A more fundamental difference between oxygen levels of 1–2% and 0–0.5% is the metabolic state of the cells. Below an oxygen concentration of 0.5%, molecular oxygen begins to limit the respiratory rate, causing ATP levels to decrease (18, 35). Exposure of cells to 1–2% O2 compared with 0% O2 can have varying consequences for intracellular signaling, cellular metabolism, and survival. For example, cells do not undergo apoptosis or growth arrest at 1–2% O2(7). However, oxygen concentrations closer to 0% cause cells to undergo apoptosis that requires a functional electron transport chain and the Bcl-2 family members Bax or Bak (25). Gleadle and Ratcliffe (11) have also demonstrated that src kinase is activated at oxygen levels of 0.1 or 0% O2 but not at 1% O2 (11).
Our results also provide an explanation for the differing results obtained from using ρ0-cells to examine mitochondrial regulation. Previously Vaux et al. (31) and Srinivas et al. (30) have demonstrated that ρ0-cells are still able to stabilize HIF-1α protein at oxygen levels of 0.1 or 0.5% O2. The use of antimycin and rotenone as a selection procedure in the generation of ρ0-cells has been cited as a potential explanation for the difference in our previous results compared with those of Vaux et al. and Srinivas et al. In the present study, we generated ρ0-cells by exposing cells to ethidium bromide for 4–6 wk in the absence of any mitochondrial inhibitors. A possible explanation for the conflicting results is that cells exposed to oxygen levels of 0.1 or 0.5% are likely to experience anaerobic conditions within the cytosol, because mitochondrial cytochrome-c oxidase will consume residual molecular oxygen. Taken together, these findings suggest that intracellular signaling pathways are likely to be important for hypoxic but not anoxic stabilization of HIF-1α protein.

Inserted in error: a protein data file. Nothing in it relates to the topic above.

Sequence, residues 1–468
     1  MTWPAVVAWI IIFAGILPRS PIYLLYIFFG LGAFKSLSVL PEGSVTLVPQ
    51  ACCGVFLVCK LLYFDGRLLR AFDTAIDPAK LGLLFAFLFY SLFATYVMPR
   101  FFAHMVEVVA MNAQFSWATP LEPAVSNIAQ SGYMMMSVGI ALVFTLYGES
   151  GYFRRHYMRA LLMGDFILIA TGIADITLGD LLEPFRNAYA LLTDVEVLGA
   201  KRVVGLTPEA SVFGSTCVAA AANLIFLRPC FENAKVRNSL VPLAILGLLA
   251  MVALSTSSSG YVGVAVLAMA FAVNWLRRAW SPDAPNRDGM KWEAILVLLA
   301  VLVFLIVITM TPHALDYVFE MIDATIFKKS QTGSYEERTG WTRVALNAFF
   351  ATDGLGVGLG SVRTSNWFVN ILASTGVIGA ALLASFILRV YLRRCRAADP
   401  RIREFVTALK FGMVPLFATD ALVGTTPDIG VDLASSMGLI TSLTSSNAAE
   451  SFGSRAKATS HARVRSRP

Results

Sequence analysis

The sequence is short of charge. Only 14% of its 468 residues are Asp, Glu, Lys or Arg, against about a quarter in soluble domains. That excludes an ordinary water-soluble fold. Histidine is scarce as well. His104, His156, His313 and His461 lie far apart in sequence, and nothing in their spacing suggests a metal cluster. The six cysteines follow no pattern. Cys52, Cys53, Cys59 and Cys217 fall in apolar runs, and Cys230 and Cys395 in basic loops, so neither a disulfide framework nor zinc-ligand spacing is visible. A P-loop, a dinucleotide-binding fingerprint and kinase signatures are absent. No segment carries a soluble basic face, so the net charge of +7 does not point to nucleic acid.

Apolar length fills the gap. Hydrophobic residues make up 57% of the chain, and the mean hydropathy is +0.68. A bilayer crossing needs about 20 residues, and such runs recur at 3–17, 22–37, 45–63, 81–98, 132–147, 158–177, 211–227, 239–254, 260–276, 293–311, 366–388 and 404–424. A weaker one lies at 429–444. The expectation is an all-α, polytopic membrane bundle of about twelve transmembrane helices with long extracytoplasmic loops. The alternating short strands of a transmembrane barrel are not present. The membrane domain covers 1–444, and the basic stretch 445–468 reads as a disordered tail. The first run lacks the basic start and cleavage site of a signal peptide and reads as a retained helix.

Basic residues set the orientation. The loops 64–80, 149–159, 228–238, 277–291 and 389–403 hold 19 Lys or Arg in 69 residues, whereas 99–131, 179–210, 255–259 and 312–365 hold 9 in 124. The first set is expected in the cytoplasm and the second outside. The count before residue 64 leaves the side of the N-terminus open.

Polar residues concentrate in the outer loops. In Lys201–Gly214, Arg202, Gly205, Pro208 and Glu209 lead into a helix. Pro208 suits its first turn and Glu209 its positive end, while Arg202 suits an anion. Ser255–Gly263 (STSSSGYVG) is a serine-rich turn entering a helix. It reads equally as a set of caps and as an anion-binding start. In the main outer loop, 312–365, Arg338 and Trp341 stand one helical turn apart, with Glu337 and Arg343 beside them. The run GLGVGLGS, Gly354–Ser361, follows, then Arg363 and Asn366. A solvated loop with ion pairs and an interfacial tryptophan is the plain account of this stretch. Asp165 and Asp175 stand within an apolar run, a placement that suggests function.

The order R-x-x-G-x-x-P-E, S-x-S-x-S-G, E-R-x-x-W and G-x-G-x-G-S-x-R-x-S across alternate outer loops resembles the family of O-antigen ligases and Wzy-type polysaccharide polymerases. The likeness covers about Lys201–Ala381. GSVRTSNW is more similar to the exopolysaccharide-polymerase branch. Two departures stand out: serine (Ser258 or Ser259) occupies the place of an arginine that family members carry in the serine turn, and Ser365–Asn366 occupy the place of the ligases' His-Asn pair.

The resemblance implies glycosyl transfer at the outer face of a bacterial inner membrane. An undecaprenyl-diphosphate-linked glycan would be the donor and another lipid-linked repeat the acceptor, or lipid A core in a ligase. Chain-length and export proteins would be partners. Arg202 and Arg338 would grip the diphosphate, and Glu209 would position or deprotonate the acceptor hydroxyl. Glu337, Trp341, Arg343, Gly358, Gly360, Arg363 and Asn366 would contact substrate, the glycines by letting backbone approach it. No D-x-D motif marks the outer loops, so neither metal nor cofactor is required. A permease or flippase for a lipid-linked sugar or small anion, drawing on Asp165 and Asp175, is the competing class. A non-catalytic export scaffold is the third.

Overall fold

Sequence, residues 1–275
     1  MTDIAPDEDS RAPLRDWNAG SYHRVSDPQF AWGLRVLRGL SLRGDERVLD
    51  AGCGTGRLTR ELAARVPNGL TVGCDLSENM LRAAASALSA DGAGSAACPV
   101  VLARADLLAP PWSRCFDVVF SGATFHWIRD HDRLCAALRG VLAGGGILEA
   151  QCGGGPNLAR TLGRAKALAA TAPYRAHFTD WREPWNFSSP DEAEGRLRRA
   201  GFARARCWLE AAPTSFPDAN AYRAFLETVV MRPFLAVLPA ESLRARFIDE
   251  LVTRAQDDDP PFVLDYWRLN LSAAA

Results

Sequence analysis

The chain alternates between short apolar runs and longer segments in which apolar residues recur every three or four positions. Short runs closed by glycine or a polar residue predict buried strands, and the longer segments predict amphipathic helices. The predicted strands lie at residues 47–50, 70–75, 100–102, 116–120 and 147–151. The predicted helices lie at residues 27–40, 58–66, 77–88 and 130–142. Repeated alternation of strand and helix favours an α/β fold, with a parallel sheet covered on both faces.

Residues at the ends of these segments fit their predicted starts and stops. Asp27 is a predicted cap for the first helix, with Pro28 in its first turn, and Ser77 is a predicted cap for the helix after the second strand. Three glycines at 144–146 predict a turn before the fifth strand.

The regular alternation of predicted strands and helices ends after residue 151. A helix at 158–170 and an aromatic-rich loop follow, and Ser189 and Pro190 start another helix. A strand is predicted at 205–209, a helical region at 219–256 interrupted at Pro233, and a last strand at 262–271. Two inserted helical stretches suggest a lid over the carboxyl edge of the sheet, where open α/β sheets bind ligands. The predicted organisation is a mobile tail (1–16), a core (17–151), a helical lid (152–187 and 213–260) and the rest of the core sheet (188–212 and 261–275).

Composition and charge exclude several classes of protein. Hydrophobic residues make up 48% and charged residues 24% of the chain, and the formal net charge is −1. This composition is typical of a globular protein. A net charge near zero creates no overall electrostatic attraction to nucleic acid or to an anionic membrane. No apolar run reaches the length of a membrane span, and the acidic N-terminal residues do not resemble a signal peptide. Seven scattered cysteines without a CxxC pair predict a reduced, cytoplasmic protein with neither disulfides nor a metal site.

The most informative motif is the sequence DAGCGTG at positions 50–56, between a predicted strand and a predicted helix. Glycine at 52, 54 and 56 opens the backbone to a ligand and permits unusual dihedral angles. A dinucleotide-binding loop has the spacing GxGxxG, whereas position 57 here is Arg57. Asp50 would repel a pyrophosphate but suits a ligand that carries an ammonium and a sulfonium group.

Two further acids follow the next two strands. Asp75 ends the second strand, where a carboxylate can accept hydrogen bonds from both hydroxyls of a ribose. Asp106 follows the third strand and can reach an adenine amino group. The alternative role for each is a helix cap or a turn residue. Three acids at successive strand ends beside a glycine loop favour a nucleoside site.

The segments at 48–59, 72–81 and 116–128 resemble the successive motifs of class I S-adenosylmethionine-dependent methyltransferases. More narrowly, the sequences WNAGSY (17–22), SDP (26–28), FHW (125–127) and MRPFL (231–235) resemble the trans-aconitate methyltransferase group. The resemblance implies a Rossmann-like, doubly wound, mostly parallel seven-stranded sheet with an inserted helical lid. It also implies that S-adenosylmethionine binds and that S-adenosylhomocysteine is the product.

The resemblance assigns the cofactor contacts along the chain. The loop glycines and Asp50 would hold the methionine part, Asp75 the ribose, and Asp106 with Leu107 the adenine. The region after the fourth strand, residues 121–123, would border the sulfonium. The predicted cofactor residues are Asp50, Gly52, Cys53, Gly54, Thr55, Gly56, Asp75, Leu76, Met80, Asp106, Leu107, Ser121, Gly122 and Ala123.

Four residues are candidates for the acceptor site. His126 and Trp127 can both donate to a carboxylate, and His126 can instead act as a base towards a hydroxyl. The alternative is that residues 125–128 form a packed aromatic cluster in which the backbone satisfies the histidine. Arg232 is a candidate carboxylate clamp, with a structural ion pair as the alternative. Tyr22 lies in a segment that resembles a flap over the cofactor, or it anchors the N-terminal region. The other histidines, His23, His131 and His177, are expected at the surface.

An alternative genetic strategy to using ρ0-cells in examining the role of mitochondria in the regulation of HIF-1α is to use cells with diminished complex I activity. Agani et al. (1) have demonstrated that cybrid cells containing a partial defect in complex I activity have reduced HIF-1α protein levels at 1% O2. Succinate, a mitochondrial complex II substrate, restored the hypoxic response in cybrid cells, suggesting that electron transport chain activity is required for the stabilization of HIF-1α protein. In contrast, Vaux et al. (31) have shown that Chinese hamster fibroblasts CCL16-B2 which contain complex I activity <10% of control cells are still able to stabilize HIF-1α protein at 0.1% O2. In the present study, we found that CCL16-B2 cells were still able to generate ROS during hypoxia and stabilize HIF-1α protein under both hypoxic and anoxic conditions. Mitochondrial generation of ROS has been estimated to be 1–2% of the total electron flux through the respiratory chain (17). The electron flux required for ROS generation at complex III is likely to be significantly less than the electron flux required to reduce molecular oxygen to H2O at cytochrome-c oxidase. Thus a significant loss of complex I activity might significantly inhibit oxygen consumption at cytochrome-c oxidase but still provide sufficient electrons to generate ROS at complex III, thus stabilizing HIF-1α protein during hypoxia.